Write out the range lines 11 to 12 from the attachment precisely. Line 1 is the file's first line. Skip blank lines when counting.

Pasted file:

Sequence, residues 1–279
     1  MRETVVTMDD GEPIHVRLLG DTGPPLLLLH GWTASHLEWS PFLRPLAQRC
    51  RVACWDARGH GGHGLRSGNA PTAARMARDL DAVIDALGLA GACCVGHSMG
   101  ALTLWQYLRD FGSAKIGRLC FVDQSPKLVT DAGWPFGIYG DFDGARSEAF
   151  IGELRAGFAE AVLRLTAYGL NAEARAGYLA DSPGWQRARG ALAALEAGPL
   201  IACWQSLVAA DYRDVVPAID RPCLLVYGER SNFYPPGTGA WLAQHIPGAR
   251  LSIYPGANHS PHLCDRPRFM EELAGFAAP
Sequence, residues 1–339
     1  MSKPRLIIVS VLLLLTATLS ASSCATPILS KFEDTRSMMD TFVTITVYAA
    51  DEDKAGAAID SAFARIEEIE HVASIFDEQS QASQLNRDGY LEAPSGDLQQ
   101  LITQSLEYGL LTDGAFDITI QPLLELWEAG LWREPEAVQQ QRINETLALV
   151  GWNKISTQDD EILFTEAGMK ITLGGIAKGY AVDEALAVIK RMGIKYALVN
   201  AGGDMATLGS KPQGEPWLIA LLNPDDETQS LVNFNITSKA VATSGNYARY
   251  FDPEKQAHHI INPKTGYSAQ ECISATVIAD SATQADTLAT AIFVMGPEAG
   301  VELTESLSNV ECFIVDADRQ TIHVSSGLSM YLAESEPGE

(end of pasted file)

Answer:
   101  LITQSLEYGL LTDGAFDITI QPLLELWEAG LWREPEAVQQ QRINETLALV
   151  GWNKISTQDD EILFTEAGMK ITLGGIAKGY AVDEALAVIK RMGIKYALVN